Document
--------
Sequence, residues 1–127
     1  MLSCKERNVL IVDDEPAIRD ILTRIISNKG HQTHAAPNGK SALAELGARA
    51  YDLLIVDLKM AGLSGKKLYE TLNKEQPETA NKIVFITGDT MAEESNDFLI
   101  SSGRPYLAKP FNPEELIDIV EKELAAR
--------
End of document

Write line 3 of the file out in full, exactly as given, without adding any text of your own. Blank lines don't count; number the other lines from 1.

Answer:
    51  YDLLIVDLKM AGLSGKKLYE TLNKEQPETA NKIVFITGDT MAEESNDFLI